Therapist spotlight: Meet Julia!
Throughout our blog posts, The Athlete Centre will be profiling our amazing therapists to help clients/patients learn more about the therapist’s areas of expertise, interest and background.
Julia is a Certified Athletic Therapist in Canada – CAT(C) and working in a rehabilitation setting has always been her ultimate dream job. Her goal is getting clients back to what they enjoy. “It is rewarding to look at each injury as a problem to solve. I get to use a variety of skills in order to help individuals recover from injury and or reach performance goals…I love that I can incorporate my passion for yoga in order to compliment my practice as an Athletic Therapist”.
Her interest in Athletic Therapy was peaked after she sustained a severe ankle injury in high school. “I was on crutches for three weeks with no guidance or education on injury management. I was pushed to go back to play soccer too early and so the injury did not heal properly…this is when I realized that there had to be a better way to deal with this injury”. She fell in love with hands on therapy, exercise and yoga during her Athletic Therapy studies. “Even though I started (rehabilitation) years after the initial injury with the skills I learned in school and my love for yoga, I can say my ankle has fully recovered”.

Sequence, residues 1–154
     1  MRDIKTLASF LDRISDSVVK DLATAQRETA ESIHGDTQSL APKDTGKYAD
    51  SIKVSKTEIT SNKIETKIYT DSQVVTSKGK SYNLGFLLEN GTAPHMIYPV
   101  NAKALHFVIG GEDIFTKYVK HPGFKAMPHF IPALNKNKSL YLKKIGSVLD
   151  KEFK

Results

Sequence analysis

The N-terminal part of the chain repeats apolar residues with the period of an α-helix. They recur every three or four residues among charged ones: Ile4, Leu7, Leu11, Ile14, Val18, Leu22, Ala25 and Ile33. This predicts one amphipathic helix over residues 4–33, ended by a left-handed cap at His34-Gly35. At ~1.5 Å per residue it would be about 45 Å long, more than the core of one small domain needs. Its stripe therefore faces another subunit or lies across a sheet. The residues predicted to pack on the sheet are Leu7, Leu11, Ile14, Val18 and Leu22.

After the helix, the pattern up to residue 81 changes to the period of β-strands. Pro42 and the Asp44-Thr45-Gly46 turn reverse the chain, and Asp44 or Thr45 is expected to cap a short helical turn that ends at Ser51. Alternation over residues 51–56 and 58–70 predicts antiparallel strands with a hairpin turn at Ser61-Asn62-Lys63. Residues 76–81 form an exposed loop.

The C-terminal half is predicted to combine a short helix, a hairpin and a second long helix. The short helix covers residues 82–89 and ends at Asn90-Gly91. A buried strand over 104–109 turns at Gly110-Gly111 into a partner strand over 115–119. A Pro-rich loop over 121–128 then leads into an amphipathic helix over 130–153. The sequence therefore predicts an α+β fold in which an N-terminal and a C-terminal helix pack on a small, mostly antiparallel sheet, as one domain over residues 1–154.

So, why Athletic Therapy? “I like working with clients that are interested in taking an active role in their rehabilitation and or performance goals, but I do enjoy working with runners, soccer players and para athletes”. Athletic Therapy is a diverse field where therapists not only work with clients in the clinic, but also at the field of play. Currently she is working with the Westshore Rugby club delivering not only therapy services to their athletes, but mentoring future Athletic Therapists as part of placements hours for their degree program. “I find that my skills are constantly challenged, which means no two days are the same.”
Working as an Athletic Therapist – does that mean you only work with athletes? Yes, but the definition of an athlete is very broad. It can be someone who likes to garden, or walk their dog, or someone who plays chess. You do not have to be a professional athlete to be treated like one. Athletic Therapists deliver leading edge therapy as they are trained to work with the best of the best. Julia especially enjoys working with clients who suffer from chronic injuries. She explains that “…most chronic injuries are caused by poor body mechanics or movement patterns, and I love finding ways to improve both of these things”.
While Julia treats all athletes, when asked what her proudest moment as an Athletic Therapist has been? “ I am most proud of working with the Canadian Paralympic Rowing team as they prepared for the 2016 Paralympics”. There is something truly patriotic about working with ambassadors of our country!